On Saturday, I attended a big event for big music, which is where the photo to the right of this piece was taken (the guy in the front is Fusion, who is a great personality you need to follow on twitter @). This event was for the big music champions who have been members of the project for more than a year. This day was fantastic and this day is what I want to talk about.
One the day, we were asked for one of the people on our project to speak o the panel, and, after some debating, (and a little bit of rock, paper, scissors), I was the one to go up and sit on the panel. On this panel, there was someone who had started his own djing academy, someone who attended this academy and is now djing in Ibiza in some of the biggest clubs in the world, someone who has been involved in a project to stop bullying in schools and has been on the radio and TV because of it, someone who started a festival after being made redundant. . .
Now don't get me wrong, I know stuff. In fact, I know quite a bit of stuff. But not as much stuff as the people next to me. And I sat there thinking "why have they asked me to come and sit on this panel", and when I was asked questions and found out why I was there, they asked me if I learned how to control my nerves, and I talked about my journey as a performer, from a little 8 year old who had never picked up an instrument in my life, to a 17 year old who has been the leader of her local youth orchestra and is grade 5 piano and writes her own songs and plays ukulele. I talked about how I've busked on the streets of Cardiff just because I enjoy making music. I felt in my element just talking about what I loved to do.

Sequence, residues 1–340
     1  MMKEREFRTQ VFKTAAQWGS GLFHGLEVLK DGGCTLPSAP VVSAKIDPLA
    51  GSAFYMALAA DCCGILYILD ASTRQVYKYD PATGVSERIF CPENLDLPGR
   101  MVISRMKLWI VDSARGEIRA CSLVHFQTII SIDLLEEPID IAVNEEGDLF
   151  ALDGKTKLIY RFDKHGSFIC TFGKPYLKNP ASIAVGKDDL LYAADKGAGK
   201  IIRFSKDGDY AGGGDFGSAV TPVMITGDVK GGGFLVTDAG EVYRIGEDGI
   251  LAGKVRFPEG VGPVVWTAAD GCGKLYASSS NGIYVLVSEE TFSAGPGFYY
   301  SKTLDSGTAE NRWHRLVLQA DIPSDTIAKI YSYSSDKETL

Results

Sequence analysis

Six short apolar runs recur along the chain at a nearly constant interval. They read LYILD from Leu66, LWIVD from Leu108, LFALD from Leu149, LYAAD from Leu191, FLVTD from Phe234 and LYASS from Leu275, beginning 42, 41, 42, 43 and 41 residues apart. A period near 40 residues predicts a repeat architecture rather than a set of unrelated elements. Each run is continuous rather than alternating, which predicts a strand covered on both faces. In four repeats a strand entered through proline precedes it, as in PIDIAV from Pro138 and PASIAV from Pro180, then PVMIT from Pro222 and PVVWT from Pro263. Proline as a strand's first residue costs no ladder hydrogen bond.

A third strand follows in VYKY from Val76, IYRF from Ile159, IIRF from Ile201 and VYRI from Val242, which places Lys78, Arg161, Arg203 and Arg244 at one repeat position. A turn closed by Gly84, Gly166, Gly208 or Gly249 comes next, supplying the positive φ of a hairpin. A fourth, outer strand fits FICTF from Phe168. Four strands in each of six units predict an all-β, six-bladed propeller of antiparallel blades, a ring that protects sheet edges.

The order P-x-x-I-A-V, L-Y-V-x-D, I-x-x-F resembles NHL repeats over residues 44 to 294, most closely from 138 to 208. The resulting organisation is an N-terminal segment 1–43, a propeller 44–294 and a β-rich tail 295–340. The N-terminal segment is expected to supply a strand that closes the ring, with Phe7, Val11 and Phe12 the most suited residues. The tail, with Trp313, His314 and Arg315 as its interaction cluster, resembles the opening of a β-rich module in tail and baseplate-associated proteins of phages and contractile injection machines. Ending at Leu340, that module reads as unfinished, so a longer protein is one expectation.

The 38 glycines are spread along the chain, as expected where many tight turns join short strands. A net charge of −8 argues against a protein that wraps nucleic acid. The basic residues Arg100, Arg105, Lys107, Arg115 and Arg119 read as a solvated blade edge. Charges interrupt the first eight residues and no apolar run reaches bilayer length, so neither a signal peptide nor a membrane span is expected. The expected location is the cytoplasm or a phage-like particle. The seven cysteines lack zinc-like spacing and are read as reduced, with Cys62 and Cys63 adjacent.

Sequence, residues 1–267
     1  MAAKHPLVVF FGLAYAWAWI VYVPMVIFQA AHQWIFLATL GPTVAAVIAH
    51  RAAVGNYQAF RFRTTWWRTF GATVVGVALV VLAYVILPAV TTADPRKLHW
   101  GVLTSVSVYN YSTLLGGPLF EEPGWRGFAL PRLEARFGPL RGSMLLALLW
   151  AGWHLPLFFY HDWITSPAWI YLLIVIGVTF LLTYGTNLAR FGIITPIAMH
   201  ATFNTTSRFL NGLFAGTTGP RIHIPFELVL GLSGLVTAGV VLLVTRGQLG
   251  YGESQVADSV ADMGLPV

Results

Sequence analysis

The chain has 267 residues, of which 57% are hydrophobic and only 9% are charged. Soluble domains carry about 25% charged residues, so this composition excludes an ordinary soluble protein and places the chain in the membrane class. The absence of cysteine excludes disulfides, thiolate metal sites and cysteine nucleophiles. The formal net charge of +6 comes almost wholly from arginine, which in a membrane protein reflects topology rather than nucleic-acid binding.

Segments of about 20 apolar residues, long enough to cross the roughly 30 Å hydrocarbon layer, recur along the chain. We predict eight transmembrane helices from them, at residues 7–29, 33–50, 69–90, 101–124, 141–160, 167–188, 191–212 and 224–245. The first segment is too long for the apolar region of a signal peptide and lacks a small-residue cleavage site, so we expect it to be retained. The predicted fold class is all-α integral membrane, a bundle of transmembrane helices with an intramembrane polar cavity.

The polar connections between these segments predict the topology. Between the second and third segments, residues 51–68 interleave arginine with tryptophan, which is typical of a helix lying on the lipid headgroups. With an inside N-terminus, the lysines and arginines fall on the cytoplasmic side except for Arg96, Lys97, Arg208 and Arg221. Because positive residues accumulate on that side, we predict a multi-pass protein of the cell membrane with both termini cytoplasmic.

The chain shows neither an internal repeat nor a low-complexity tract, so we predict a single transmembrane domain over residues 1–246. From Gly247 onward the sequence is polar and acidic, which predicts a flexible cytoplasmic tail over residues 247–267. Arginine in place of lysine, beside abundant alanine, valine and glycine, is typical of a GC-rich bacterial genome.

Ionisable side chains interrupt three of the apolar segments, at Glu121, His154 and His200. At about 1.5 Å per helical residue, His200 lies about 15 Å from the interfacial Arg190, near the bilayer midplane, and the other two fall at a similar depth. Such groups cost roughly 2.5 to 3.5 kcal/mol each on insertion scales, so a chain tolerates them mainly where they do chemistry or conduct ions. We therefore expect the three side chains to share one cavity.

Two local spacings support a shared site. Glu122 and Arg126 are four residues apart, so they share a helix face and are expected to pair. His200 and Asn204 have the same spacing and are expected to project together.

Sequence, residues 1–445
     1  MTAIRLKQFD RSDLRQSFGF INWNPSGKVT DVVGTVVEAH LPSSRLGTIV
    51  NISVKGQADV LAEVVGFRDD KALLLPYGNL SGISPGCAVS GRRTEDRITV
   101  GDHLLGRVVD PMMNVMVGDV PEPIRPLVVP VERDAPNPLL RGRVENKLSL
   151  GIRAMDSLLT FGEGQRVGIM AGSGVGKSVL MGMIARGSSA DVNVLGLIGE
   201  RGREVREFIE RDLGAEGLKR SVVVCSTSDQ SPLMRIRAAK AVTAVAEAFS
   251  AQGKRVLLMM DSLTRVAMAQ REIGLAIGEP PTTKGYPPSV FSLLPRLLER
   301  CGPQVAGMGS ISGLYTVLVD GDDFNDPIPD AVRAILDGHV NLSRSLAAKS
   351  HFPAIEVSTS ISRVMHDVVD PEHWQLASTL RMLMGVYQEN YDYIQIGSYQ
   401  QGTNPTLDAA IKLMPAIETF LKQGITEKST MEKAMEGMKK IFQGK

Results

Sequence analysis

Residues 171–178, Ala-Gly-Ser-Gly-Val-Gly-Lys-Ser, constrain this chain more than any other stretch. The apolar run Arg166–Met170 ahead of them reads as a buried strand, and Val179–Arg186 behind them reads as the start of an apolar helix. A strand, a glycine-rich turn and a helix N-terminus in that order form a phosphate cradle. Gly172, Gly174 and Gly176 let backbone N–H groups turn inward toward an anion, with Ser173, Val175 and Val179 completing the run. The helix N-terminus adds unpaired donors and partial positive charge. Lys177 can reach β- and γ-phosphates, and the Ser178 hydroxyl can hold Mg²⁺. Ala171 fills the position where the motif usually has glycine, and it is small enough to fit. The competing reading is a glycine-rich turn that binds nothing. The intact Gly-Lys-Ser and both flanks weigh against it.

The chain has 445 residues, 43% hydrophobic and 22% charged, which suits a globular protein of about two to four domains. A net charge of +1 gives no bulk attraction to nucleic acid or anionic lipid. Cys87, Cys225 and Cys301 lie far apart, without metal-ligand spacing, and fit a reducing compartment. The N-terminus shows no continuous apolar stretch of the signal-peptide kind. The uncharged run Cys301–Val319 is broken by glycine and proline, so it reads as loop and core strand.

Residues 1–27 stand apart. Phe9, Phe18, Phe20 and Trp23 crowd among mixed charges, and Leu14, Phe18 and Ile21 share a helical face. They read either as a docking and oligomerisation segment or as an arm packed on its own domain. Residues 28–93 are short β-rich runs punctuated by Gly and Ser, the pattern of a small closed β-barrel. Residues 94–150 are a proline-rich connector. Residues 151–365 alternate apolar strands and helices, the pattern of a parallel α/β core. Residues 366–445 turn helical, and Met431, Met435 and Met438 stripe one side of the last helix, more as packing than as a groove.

Afterwards, I attended a workshop all about peer mentoring (which was also taken by the lovely Fusion), where I learned a very important lesson, which I am about to tell you.
If you love something, and you work hard at it and you learn new skills in it and develop your own knowledge of the subject through your own means, you can get to the point where you are pretty good at it. You can reach the point where you can teach other people how to do what you do. If the passion for your subject radiates off you, and you find yourself rambling about your subject, don't ever apologise for it, because your passion is showing, and no one is going to dislike that. You are probably drawing people to the subject. People are probably interested in it because you are showing such passion. With practical subjects like music, art, sports, blogging, photography, etc. not having a qualification doesn't mean you aren't qualified, the fact that you have the skill and have worked at that skill can be enough.
And the more I though this lesson, the more I think it's true. Many musicians don't have degrees in music, and artists don't need degrees in art. A lot of the time the experience is more worthwhile. In most jobs nowadays, you need experience more than you need a degree.
So next time you feel like you aren't good enough, just remember that the practice is teaching you lots of what you need to know, and I'm sure if you look in the right places, you can learn all of what you need to know.
What do you think? Does the Big Music Project interest you? Does the day sound good? Do we need qualifications to be qualified?